Little by little, Laing reveals that the impetus for this book about writers and drinking grew out of her own childhood and an incident involving her mother’s alcoholic lover. The book is not particularly confessional, though, and she uses these personal elements merely as a springboard for larger ruminations on the origins and consequences of these writers’ own battles with alcohol. Not insignificantly, she delves into these men’s relationships with their often absent and/or suicidal fathers and their strong, controlling and sometimes emotionally distant mothers—subtext that lurks in much of their work.
Laing never comes to an overarching, all-illuminating conclusion about drinking and the individual tragedies of these writers’ lives. Perhaps such a conclusion is impossible to reach. She gets closest when, mining words from one of Berryman’s poems, she writes, “Hunger, liquor, need, piece, wrote. A sense was building in me that there was a hidden relationship between the two strategies of writing and drinking and that both had to do with a feeling that something precious had gone to pieces, and a desire at once to mend it—to give it fitness and shape, in Cheever’s phrase—and to deny that it was so.”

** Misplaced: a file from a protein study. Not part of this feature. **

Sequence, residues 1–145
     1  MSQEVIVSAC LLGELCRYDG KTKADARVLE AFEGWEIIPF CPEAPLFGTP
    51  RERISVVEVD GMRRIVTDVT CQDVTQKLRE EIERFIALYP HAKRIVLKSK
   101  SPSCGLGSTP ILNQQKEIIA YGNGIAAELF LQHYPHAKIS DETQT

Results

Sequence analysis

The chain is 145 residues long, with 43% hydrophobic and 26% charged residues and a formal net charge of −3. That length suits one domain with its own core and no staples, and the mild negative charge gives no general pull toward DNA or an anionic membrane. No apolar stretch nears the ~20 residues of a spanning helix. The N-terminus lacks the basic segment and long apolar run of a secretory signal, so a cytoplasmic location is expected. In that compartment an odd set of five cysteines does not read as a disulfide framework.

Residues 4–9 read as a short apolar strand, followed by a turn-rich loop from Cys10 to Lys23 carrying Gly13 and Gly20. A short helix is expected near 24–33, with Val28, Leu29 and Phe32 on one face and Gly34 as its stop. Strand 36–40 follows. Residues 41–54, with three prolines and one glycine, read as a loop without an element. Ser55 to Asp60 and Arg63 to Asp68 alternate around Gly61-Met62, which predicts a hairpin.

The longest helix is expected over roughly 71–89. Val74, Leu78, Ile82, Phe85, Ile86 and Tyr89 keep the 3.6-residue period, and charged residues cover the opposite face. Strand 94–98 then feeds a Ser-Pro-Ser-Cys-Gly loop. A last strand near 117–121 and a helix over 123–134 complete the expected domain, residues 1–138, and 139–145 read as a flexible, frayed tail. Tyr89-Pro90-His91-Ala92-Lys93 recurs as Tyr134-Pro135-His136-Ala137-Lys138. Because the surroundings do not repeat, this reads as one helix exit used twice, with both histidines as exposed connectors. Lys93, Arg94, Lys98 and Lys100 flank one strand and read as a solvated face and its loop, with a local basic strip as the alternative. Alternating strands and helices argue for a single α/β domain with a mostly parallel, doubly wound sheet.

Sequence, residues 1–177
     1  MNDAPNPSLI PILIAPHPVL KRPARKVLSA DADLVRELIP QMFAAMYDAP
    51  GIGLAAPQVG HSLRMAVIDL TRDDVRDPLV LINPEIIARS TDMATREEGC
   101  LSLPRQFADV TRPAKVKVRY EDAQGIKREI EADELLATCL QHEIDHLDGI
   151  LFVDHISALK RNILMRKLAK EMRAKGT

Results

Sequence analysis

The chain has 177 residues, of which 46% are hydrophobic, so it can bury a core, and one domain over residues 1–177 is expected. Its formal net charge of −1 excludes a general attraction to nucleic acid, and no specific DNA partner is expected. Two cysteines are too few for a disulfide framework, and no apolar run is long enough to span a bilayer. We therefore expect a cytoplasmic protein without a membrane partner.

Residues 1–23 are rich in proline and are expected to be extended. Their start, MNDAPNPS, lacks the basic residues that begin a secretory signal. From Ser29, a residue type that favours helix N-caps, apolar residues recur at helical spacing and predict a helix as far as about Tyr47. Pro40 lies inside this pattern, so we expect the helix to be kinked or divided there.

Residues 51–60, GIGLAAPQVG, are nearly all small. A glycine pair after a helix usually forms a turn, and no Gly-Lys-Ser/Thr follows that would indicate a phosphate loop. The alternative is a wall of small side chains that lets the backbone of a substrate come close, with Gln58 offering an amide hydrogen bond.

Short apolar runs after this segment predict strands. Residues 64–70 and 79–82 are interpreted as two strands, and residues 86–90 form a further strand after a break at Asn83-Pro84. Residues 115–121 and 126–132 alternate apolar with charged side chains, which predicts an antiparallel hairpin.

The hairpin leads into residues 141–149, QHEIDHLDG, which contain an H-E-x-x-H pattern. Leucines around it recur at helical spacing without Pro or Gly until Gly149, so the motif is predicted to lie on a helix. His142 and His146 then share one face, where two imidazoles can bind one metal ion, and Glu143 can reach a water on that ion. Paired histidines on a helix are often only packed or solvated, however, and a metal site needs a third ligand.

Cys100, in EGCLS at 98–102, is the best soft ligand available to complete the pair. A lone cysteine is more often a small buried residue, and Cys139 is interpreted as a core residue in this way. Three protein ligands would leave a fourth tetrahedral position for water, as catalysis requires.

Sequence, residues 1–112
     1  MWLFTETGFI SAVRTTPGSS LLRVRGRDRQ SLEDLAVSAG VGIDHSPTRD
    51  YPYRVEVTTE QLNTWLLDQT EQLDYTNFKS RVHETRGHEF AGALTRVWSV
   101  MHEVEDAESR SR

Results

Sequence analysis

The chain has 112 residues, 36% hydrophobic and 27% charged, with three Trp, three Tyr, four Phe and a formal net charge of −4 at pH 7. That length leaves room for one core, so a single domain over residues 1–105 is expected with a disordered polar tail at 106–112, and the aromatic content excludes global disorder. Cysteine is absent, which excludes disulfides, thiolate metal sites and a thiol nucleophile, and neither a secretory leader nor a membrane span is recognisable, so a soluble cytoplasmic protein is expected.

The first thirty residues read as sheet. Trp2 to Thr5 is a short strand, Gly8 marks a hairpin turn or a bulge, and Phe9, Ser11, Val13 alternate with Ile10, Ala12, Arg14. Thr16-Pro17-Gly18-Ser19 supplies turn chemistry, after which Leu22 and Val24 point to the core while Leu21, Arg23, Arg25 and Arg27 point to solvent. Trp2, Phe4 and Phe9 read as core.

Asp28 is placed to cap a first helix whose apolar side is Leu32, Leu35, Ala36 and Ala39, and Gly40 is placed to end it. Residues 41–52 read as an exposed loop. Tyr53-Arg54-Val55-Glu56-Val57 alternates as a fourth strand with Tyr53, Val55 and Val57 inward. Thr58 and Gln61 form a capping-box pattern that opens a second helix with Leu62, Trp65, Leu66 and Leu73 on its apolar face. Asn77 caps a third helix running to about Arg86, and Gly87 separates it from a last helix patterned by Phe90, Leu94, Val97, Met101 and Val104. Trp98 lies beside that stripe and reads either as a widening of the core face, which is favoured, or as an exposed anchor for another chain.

Sadly, Laing doesn’t explore the broader question of why America has produced more than its fair share of alcohol-soaked writers. As an Englishwoman, Laing does bring an outsider’s vantage point to the American destinations, although it is worth noting that none of these distinctive locales is “typically” American, if such a place could be said to exist. Except for Carver—whose work is so imbedded in the landscape Laing encounters in the Pacific Northwest—and to a lesser extent with Williams’ New Orleans, the connections between the places she visits, addiction and the literary oeuvres seem a bit tenuous at times.